Josh Hutcherson

The Hunger Games: Catching Fire

I’m reluctant to admit when some of my favorite actors or actresses fail to deliver.  This time, it’s the flavor du jour, Jennifer Lawrence (Silver Linings Playbook).  I adore her as much as everyone else does, don’t get me wrong.  Her unassuming demeanor and down-to-earth personality make her a breath of fresh air in Hollywood, not to mention her undeniable talent. That being said, her presence wasn’t enough to elevate The Hunger Games: Catching Fire to my lofty expectations.

When we last saw Katniss Everdeen, she had emerged victorious from The Hunger Games alongside Peeta Mellark (Josh Hutcherson, The Kids Are All Right).  Both temporarily left their lives in District 12 behind as they fought to survive in a Darwinian cage match.  Pulling the strings was President Snow (Donald Sutherland, Horrible Bosses), a subtly nefarious plutocrat who kept the majority of the citizenry under his thumb after a failed uprising.  When Peeta and Katniss return home to District 12 things are bleaker than ever, as people scramble for essential resources.  President Snow wanted to use the Hunger Games as a twisted tool of both oppression and inspiration, as participation is involuntary, yet contestants are expected to fight proudly on behalf of their district.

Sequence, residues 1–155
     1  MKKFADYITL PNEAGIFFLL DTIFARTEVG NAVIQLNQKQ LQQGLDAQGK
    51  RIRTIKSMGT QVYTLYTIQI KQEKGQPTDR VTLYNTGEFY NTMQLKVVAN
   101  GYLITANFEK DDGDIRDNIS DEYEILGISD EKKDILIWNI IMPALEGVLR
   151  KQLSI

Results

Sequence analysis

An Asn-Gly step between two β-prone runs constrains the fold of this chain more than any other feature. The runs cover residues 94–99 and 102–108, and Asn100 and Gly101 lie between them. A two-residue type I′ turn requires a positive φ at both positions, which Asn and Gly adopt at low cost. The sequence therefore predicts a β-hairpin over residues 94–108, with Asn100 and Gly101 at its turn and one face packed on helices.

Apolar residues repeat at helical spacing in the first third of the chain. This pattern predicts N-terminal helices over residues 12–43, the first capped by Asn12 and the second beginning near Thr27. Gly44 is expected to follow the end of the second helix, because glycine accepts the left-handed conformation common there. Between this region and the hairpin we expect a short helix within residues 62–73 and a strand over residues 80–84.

Snow recognizes Katniss’ influence, and feels threatened by its implications for his own stranglehold on the populace.  He doesn’t want another uprising and must smite Katniss’ influence before she galvanizes the people.  He mandates that the next Hunger Games will be comprised solely of past champions. Talk about the odds not being in your favor.  Once again Peeta and Katniss must battle to the death, only this time their competition is infinitely more formidable.  Katniss’ team of Haymitch (Woody Harrelson, Now You See Me), Cinna (Lenny Kravitz, Lee Daniels’ The Butler), and Effie (Elizabeth Banks, Movie 43) try their best to prepare she and Peeta for the challenges that lay ahead, though Katniss is overly protective of Peeta, perhaps feeling guilty for not completely returning his feelings.  They must form new alliances if they want to survive; yet Katniss senses that the stakes are even higher this time.

I haven’t read the books on which the movies are based, and perhaps that explains some of my opinions regarding this sequel.  I was very intrigued by the concept of a “best of the best” Hunger Games, but the actual competition portion of the movie didn’t quite live up to my expectations.  I won’t elaborate too much, so as not to spoil it for you, but I don’t think the competitive dynamic between contestants was as exciting as it could’ve been.  I also thought the movie ended very abruptly and left me wanting more.  This was odd, considering the lengthy run time – but a friend explained to me that the book ends equally abruptly.  Oh.